When I received the results from Ari’s gifted and Talented test, I knew something wasn’t right. I read the score explanation over and over again, and no matter how many times I looked at the paper, the math didn’t make sense.
He was in the 95th percentile for non-verbal and the 84th percentile for verbal.
According to the score explanation, the non-verbal accounts for 65 percent of the score, while the verbal only accounts for 35 percent.
Now, I’m certainly not a mathematician, but the score I came up with was over 90 percent, while the score they sent us was 89.
I couldn’t shake the feeling that something was wrong.
I emailed my best friend, Mint. She confirmed my sense that something was amiss. When she did the math, she calculated 91.5.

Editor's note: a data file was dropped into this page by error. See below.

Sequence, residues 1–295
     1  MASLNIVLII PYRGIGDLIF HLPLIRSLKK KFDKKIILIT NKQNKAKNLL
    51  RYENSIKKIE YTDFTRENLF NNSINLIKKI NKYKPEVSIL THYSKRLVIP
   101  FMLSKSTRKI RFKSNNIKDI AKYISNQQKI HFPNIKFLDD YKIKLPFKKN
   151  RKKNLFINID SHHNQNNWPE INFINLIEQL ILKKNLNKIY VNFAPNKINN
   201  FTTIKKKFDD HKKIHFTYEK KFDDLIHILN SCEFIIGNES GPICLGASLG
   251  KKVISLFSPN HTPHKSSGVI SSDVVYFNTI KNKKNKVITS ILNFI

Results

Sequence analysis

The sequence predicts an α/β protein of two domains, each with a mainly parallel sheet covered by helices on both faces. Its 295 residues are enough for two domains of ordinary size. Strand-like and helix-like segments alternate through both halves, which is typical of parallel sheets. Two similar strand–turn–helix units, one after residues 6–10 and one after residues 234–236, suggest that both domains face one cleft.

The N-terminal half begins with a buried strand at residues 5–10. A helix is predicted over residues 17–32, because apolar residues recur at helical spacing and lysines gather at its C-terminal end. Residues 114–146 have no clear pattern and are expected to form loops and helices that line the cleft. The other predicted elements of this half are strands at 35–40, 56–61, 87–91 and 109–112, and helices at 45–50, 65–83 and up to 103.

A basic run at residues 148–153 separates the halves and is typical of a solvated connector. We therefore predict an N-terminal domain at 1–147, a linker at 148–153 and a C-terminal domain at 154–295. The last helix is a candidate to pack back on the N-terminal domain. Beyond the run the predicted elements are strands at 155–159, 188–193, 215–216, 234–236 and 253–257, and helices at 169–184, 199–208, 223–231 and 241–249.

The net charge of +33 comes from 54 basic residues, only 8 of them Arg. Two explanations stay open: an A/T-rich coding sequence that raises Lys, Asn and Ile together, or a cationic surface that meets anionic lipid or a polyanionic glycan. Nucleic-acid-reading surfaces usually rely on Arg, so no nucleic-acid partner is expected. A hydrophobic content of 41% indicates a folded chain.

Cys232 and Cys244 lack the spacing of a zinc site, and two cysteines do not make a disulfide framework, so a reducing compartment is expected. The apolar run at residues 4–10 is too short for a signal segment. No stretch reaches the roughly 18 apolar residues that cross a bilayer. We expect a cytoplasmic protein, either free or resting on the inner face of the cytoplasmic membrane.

So, I wrote an email to gifted and talented as said the following:
I was just looking at Ari’s score sheet and I’m just wondering about the results.
It says that the non-verbal accounts for 65 percent of his score and the verbal accounts for 35 percent of his score.
He scored in the 95th percentile for non-verbal and in the 84th percentile for verbal. If you average the two it’s 89.5. However, if the non-verbal accounts for 65 percent of the score, would his total score be slightly higher?
I received a response with the most complicated mathematical jargon I’d seen. Mint and I were stumped.
Because of this mistake, not only is Ari eligible for the Gifted and Talented program (as he should have been all along) but so are over 2000 other children.
I’m glad I said something.
I’m proud of myself for sticking up for what is right.
Even though it felt funny to challenge the result, I knew something wasn’t right and I stood up for my son, and apparently over 2000 other children too!
When you believe something isn’t right, say something. Speak your mind. You never know, you could help 2000 people.